The road of faith is a dusty one fraught with twists and turns, hills and valleys. Sandra McCracken knows this and explores themes of hope and endurance with her latest album, God's Highway. She sings encouragement with lines like, "Fear not, keep on, watch and pray/Walk in the light of God's Highway," and the quiet, contemplative music reinforces the message.
A close sister to McCracken's previous album, Psalms, her walk along this Highway sounds much the same as that former project. Also continued are songs based on the Psalms, including "Call Him Good" (Psalm 104) and "Be Still My Soul" (Psalm 131). Allusions to other Psalms are sprinkled throughout as well. But McCracken branches out with some New Testament inspired tunes, such as "He Walks With Me" (based on texts from 1 Peter) and her "Doxology" taken from Jude 23-24. The Scripture-soaked nature of the album gives it a strength and power that goes beyond emotional expressions hampered by vague metaphors and overused clichés.
Found woven in all of the songs is a dependence on God through any season of life. She praises the Lord for His faithfulness in "Steadfast," asks Him to "Come Light Our Hearts," and on "He Walks With Me" sings, "I cannot see Him, but oh how I love Him/I cannot see Him, but I believe He walks with me." Other highlights include McCracken's take on "The Lord's Prayer," which is probably the best version this reviewer has heard. Most renditions tend to be middling or boring, but she manages to give it a fresh, simple spin. The album closer, "Song for Rachel," is a powerful piano ballad and ends the album on the hope of the coming of eternity. "Until the trumpet sounds," she sings passionately, "Until our hope comes down/Children of Zion raise up the sound."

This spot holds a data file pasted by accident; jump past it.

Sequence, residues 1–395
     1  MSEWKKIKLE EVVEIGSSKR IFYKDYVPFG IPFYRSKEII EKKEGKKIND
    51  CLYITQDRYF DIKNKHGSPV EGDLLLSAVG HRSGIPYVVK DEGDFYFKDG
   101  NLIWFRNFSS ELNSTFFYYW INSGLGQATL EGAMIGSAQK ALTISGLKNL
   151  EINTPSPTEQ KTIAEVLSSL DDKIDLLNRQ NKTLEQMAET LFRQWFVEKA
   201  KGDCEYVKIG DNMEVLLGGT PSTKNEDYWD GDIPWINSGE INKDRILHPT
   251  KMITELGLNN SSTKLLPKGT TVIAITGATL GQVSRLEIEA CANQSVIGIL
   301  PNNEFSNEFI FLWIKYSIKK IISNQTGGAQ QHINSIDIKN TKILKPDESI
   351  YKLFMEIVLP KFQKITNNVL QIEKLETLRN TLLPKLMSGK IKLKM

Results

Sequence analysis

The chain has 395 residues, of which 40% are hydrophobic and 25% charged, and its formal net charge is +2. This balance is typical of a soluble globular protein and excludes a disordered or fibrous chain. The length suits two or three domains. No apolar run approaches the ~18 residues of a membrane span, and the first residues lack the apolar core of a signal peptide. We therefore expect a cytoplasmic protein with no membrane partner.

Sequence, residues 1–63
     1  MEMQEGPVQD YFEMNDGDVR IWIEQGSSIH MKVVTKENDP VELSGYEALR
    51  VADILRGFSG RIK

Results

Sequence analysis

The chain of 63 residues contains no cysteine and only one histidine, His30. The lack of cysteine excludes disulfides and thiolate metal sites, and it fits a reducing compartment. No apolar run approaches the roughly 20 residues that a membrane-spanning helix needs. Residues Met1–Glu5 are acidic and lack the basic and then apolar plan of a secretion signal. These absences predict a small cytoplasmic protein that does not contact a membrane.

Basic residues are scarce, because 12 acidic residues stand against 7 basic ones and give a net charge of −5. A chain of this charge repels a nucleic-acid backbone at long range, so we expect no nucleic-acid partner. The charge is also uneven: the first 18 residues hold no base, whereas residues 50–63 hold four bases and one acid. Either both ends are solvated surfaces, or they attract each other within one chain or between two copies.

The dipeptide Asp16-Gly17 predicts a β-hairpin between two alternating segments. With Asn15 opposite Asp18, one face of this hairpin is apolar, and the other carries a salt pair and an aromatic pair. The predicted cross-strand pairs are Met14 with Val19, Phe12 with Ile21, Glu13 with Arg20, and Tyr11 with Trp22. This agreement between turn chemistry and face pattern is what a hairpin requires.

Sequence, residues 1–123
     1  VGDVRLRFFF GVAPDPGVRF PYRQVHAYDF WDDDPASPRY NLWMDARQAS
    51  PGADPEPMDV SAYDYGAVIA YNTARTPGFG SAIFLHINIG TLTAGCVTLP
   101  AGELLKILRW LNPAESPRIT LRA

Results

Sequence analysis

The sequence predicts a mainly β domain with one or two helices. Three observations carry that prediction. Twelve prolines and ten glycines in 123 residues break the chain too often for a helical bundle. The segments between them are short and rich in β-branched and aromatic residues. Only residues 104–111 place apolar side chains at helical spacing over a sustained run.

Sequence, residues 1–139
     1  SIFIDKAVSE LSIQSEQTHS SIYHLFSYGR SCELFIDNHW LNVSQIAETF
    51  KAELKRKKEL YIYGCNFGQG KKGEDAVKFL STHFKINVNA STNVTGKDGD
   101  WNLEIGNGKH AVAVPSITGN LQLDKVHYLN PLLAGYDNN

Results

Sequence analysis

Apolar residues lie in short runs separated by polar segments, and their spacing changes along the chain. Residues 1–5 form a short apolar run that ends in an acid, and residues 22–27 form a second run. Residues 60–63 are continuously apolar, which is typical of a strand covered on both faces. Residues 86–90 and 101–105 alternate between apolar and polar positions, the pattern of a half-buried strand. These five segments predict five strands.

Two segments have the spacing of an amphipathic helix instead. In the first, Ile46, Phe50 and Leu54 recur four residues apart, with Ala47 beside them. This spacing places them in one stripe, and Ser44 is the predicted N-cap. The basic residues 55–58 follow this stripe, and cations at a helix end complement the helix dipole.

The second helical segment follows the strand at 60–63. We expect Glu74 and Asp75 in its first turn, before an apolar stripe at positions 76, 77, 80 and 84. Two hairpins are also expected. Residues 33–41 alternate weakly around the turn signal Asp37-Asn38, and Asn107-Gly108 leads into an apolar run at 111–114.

The two weak blips on the album are "Trinity Song" and "Doxology," which get a little repetitive and are more easily skipped. I had also expected some progression in McCracken's sound, but you could mash Psalms and God's Highway together and it'd sound like one fluid album with minor distinctions between the two parts. To be honest, however, these complaints are small specks compared to what this album does well. The hopeful lyrics mixed with soothing music bring comfort for a troubled soul. If you've missed Sandra McCracken's recent albums, give them a listen for uplifting encouragement on your road of faith.
- Review date: 7/1/17, written by John Underdown of Jesusfreakhideout.com